It was one of those glorious summer days when its just perfect. Not too hot, not at all cold. Clouds drifting about, and the sun trying hard to dominate, but somehow never succeeding for long. The water looked a deep dark green. A sort of brooding mysterious look, often accompanied by the whiff of soft pine needles and the hope of big trout. Insects hatched here and there, and fluttered off, backlit against the dark beneath the tall stands of pines. There is something so unique about a pine forest. I don’t know what it is. It is such a soft, quiet wonderland amongst the rows of tree trunks, and when that all comes down to the waters edge on a sparkling lake its just very special.
The water was surprisingly warm, but the small stock fish did not seem to mind. In fact those little trout seemed to be in wonderland too. While I drifted, reclining in my tube, and throwing long lazy casts towards the shoreline, they just leaped for joy. They were careering out of the water and landing two feet further on, in a great big splash, often on their sides, in ‘belly flops’ that would have had kids at the junior school gala all saying “oooh” in unison. One could theorise that they were taking the caddis that were hatching, but it is much more likely that they were simply jumping for joy. They were as playful as kittens and calves!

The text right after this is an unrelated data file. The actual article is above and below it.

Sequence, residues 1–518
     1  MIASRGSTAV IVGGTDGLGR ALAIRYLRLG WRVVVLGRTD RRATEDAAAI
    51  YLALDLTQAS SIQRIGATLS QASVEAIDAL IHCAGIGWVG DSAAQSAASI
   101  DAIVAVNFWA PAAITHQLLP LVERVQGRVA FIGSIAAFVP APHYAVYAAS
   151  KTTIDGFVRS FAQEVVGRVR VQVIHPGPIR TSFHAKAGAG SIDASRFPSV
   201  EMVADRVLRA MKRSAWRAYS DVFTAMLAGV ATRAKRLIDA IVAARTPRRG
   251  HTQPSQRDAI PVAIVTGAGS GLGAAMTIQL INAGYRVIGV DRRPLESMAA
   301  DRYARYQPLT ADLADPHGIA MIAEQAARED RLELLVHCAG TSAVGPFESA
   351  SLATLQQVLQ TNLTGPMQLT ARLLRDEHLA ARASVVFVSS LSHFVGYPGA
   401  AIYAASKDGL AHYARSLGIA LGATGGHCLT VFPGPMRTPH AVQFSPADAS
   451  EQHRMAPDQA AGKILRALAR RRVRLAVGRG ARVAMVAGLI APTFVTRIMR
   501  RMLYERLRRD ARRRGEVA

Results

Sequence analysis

This show of magic had the desired affect on the boys, who judged the size of the fish by the splash they made, and were suitably impressed.
Fish bumped and knocked the fly all day, and both boys had had the opportunity to bring one in before we broke for lunch.
Lunch was a rendevoux at some magical spot in the shade beside the lapping waves. The beer, delivered along with sandwiches by boat from the other side, was cold, crisp, and heaven sent.